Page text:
I think, the original question has been well answered by Carl Löndahl in the comments. Each of the terms you add does not only consist of "random variables" but may well contain a constant (1).
In fact, section
3.1.2 Constant Term Probability Attack in the paper exactly addresses your question, by proposing the attack of just looking at the constant term (0 or 1).
When considering the encryption scheme from the article, please also have a look at this article which references a similar SAT based scheme which has a known vulnerability. It is currently unclear whether the same vulnerability also exist in the scheme from the arxive.
Unfortunately, I may not comment:
Deriving the private from the public key is (exactly) the SAT Problem, hence NP hard, but, whether deriving the clear text from the cipher and public key is hard in any sense is an open question. Showing that this is NP hard is very difficult and there are no-go theorems around (see Yehuda Lindell's Answer).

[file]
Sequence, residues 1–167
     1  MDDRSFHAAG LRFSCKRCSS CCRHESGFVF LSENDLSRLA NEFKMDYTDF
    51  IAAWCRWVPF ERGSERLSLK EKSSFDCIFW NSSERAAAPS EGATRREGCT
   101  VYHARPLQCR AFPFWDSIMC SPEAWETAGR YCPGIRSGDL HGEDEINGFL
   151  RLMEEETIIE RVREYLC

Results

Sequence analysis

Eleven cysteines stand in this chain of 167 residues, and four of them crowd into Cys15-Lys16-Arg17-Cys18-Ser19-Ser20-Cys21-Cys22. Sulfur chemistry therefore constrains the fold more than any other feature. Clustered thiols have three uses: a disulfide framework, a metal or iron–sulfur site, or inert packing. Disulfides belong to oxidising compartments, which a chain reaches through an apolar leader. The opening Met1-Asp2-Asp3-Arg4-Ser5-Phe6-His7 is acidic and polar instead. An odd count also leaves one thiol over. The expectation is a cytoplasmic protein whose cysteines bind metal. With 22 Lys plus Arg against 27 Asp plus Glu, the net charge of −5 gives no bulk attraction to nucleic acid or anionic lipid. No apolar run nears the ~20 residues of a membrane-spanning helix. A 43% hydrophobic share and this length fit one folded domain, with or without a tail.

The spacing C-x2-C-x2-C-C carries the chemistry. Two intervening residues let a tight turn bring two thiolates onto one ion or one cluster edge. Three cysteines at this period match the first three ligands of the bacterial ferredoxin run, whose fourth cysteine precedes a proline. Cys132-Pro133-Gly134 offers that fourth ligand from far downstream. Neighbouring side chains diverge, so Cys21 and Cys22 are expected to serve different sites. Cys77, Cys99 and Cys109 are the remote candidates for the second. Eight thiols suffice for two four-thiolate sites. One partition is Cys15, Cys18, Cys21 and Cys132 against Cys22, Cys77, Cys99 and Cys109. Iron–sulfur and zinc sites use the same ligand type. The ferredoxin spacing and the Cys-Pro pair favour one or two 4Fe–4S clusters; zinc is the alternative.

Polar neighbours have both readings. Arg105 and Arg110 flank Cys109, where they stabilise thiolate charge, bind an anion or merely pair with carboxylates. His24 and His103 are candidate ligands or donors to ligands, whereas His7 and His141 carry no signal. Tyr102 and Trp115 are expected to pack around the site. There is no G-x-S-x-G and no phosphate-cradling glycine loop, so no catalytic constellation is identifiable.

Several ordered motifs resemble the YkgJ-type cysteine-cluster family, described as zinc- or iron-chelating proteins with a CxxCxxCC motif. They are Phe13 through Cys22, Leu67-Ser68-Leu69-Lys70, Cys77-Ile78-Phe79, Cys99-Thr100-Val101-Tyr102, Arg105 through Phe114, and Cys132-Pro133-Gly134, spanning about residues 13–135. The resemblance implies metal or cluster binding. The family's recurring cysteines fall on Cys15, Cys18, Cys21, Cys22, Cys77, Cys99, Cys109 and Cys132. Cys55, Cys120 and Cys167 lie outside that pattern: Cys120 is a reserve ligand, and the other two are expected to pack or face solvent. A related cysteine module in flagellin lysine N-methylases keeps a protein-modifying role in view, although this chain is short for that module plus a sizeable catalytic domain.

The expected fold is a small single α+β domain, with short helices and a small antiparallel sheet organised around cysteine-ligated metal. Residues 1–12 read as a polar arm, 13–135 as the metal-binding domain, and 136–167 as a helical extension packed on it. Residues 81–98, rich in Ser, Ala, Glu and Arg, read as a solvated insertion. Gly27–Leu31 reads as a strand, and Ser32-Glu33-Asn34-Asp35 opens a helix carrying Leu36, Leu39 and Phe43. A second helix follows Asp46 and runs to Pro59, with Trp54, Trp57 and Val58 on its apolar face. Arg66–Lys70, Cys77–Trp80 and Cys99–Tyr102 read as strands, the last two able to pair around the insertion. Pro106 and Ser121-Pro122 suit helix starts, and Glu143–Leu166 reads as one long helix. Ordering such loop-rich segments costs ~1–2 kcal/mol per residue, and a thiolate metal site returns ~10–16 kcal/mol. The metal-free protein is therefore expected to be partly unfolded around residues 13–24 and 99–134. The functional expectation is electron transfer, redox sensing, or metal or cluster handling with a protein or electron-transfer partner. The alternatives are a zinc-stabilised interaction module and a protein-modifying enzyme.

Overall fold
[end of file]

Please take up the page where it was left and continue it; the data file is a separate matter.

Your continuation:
EDIT (thanks to clarification by Occams_Trimmer in comments):
There are a few schemes which are currently believed to be "post-quantum". This may or may not mean that some NP-Hard Problem is utilized for the cryptosystem in some way. See e.g. https://en.wikipedia.org/wiki/Post-quantum_cryptography . A better Referenz is
Bernstein, Buchmann, and Dahmen: Post-Quantum Cryptography which e.g. has this quote:
A multivariate public key cryptosystem (MPKCs for short) have a set of
(usually) quadratic polynomials over a finite field as its public map.
Its main security assumption is backed by the NP-hardness of the
problem to solve nonlinear equations over a finite field. This family
is considered as one of the major families of PKCs that could resist
potentially even the powerful quantum computers of the future.
in the abstract of
Multivariate Public Key Cryptography by Ding and Yang.